Fire & Ice - Plus A Flood

Lawrence E. Phillips recounts the triple disasters that assailed a North Dakota city and challenged its firefighters.


Grand Forks Fire Department Chief Richard J. Aulich Suppression & administration staff: 64 people Three fire stations: Central (headquarters) engine, tower ladder, rescue, hazmat, battalion chief; Columbia Road engine; South engine Population: 52,000 Area: 20 square miles It was...


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Roed continued, "The company that owned the sky crane Erickson Air Crane Service in Oregon had the sky crane here and in the air by 9 A.M., accompanied by one of their own mechanics. Then, a DNR person stationed in Bemidji, Minnesota, who works with forestry air teams all the time, also arrived. He offered to be a liaison and assist in the air operations, and we took him up on that."

"Then, I had made contacts with WCCO Television out of Minneapolis, and WCCO's Dale Dobish volunteered to fly me over the area to assess the situation to further direct the sky crane. Needless to say, we made sure that we had the air space pretty well cleared at that time.

"Through the night, and into the early-morning hours, we did get a handle on the situation, conventionally, and no additional buildings were involved. We didn't anticipate anything else major happening, and the sky crane became more of an overhaul tool for us. They dropped a lot of water on the First Financial Center and the First National Bank Building, as well as everywhere else. They were able to fill their 2,000-gallon bucket between the two bridges that connect Grand Forks with East Grand Forks, Minnesota, right on the edge of downtown. We ran them for a couple of hours and then went back to conventional firefighting.

"While the sky crane was in operation, I went back up in the WCCO helicopter and used their thermal imaging camera to determine where best to put the water. It's a regular camera but when you flip a switch it goes to thermal imaging. With that, I could absolutely pinpoint any specific area or corner of any building that needed water. It worked like a champ.

"During their activities for us, however, a house fire broke out in East Grand Forks that the EGFFD couldn't get to at all. The roof was burning while the house was still submerged in deep water, so the sky crane pilot asked us if he could take care of it. So, as a 'good neighbor' gesture, they did go over to it and dumped their load on the roof. From what I understand, when they dumped their 2,000 gallons on the regular truss roof, it just flattened; broke the trusses; and just opened her up and filled it up.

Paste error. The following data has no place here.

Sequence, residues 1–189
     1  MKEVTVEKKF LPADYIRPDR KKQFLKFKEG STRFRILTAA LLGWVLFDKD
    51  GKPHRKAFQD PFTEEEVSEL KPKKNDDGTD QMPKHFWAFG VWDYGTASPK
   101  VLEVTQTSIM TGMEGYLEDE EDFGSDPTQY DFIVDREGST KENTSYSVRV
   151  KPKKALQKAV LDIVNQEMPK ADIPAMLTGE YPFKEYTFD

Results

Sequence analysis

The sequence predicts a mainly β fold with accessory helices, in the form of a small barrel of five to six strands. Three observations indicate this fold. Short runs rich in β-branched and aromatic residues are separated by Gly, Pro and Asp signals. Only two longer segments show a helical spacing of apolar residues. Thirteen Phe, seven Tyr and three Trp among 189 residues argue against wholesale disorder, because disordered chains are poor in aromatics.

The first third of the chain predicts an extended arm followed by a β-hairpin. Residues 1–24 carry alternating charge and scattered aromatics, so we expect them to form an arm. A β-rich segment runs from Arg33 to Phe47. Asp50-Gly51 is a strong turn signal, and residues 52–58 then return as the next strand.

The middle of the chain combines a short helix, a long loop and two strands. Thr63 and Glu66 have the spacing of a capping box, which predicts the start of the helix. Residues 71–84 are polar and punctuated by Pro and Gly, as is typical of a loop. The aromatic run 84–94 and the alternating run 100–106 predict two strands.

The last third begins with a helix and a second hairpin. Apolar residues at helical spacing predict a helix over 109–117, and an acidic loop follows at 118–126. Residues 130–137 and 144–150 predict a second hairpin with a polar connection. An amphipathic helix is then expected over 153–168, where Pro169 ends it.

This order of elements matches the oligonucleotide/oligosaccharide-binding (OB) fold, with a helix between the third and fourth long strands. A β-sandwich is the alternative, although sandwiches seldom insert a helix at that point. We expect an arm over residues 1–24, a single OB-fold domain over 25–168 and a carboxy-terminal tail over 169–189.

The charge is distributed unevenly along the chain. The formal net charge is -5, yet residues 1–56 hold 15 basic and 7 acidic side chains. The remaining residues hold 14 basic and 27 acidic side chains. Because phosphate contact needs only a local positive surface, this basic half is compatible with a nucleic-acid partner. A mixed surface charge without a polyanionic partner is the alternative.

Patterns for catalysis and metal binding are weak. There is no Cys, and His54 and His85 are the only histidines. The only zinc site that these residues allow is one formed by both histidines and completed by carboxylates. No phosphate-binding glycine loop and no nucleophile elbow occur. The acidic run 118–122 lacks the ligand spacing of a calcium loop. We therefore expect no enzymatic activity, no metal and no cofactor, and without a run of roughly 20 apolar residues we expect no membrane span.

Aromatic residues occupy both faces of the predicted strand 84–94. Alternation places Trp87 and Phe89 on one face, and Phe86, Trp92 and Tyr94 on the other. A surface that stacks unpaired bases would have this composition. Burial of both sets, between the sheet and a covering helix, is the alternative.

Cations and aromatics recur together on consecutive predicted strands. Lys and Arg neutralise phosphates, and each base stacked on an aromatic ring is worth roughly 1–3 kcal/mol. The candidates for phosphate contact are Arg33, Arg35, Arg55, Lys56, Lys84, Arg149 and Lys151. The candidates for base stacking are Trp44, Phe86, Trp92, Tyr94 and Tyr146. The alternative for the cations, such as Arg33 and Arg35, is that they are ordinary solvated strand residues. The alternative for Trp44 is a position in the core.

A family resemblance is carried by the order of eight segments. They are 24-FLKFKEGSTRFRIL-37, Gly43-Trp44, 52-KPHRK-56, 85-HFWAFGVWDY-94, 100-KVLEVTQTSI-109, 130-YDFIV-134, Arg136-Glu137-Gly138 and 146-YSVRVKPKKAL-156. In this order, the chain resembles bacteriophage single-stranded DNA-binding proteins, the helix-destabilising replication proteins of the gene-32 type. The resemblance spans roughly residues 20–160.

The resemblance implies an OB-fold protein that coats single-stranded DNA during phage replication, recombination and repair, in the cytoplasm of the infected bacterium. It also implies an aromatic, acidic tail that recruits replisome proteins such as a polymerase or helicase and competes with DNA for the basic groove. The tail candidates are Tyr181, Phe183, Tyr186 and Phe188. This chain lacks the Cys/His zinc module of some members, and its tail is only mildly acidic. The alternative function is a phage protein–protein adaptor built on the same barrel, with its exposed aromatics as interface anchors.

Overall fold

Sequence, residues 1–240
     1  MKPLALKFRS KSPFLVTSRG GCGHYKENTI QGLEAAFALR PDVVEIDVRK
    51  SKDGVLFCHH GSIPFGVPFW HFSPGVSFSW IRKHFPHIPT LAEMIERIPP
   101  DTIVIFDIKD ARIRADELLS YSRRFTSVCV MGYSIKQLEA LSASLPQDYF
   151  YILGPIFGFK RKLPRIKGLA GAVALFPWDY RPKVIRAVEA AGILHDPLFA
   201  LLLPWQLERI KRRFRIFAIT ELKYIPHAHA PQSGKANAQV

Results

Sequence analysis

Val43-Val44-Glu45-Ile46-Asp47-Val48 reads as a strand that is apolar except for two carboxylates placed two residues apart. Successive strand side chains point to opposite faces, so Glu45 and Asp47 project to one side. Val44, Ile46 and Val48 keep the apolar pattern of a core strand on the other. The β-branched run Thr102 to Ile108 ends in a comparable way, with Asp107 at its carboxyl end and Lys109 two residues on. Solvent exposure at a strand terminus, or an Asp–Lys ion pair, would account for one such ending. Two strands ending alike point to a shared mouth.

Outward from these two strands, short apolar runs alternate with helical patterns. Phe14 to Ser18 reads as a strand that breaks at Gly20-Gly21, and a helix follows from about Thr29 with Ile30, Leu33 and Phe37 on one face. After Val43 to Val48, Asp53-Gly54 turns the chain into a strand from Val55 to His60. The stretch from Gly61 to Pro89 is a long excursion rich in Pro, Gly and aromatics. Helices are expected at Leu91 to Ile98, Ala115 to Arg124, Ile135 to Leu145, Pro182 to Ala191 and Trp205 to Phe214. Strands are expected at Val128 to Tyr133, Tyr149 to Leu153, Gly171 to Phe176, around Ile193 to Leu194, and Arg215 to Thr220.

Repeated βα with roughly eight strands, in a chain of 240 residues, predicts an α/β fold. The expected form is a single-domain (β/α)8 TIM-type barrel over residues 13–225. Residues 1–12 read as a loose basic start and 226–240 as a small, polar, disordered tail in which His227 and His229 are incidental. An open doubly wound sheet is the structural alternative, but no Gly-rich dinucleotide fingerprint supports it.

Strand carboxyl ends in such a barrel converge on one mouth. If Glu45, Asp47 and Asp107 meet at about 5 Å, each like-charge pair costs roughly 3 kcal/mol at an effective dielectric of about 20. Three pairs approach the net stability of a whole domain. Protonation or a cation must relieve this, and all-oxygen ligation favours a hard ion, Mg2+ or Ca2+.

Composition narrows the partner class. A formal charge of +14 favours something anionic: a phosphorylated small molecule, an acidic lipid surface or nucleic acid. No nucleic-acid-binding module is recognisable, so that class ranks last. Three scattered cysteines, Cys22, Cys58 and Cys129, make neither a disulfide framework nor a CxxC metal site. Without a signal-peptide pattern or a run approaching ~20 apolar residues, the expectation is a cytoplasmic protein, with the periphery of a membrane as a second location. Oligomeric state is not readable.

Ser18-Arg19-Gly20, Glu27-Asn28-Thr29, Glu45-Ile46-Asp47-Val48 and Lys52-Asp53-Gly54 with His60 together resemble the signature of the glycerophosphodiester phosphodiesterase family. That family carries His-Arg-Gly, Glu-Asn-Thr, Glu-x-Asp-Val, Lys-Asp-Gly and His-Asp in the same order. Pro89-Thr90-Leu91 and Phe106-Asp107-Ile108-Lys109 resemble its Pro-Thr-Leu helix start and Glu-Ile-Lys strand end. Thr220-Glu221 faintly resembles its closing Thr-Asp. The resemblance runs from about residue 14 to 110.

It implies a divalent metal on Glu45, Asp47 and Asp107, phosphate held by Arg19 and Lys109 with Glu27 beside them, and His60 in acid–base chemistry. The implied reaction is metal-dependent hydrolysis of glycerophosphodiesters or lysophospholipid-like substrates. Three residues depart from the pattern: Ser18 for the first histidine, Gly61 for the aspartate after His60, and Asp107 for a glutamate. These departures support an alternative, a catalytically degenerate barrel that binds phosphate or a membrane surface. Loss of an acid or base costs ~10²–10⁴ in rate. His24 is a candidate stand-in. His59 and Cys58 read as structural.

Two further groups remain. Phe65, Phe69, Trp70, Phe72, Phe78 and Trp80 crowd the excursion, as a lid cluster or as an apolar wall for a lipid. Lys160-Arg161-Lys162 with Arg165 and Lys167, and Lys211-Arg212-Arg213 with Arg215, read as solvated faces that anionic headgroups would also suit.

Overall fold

"Once the sky crane had done its job, a National Guard helicopter came in with a small bucket and took over the overhaul operation. It worked for the rest of the day but, at that time, we figured we did have the situation under control. The water in the street, however, remained at the same level throughout the duration of our firefighting efforts, and didn't start to recede until some days later."

"You know, if you would have told me a month ago that I would be calling in helicopters to fight downtown building fires, I'd have looked at you like there was something wrong with you. It was just one thing that worked. Even at one point, our own EOC was issuing that the fire was burning out of control that morning when it wasn't; we had it under control at that point. We were confident it would hold because we had the helicopters as overhaul tools."

"If you think back about it, in the initial stages of our fire, we had our own people (firefighters) down there in chest waders, trying to find the fire hydrant so we could attempt a hookup. I mean, you're wearing chest waders up this high (just below the neck line) and the water is like two inches below the (top of the) chest waders...All you'd have to do is slip and your waders become full of water and down you go. We could have lost people and I'm so thankful that didn't happen. Weighing out with the cost of the sky crane was a pretty easy decision for me. It definitely helped us out there and kept our people out of places they just shouldn't have been in (after the conventional means of firefighting were abandoned). "

Once the fire was declared under control early Sunday afternoon, the concern intensified for people who might have not gotten out.

Stated Grand Forks Fire Marshal Roger "Max" Allard, "We have buildings that are owned by different owners; managed by different apartment management companies who collect rents from many different people; they usually know who is registered to be in any particular apartment. As any other apartment complexes, a lot of them contain college students for example, and they have two or three other students staying with them who aren't necessarily on any registry anywhere. There's no data base. Then, it gets even more difficult because, first, we flooded the area and (then) evacuated it because of the flood. People on the second and third floors may not necessarily have been inclined to leave at that point and we didn't know that. By this time, the water is four and five feet deep, so they aren't going to come out on their own.

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Photo by Northwest Region Fire/Rescue
Firefighter Mitch Steien suffered hypothermia while attempting a hydrant hookup in water that was up to his waist.

 


8_97_fireice9.jpg
Photo by Northwest Region Fire/Rescue
Fire Marshal Roger "Max" Allard: "We had people going to the four winds".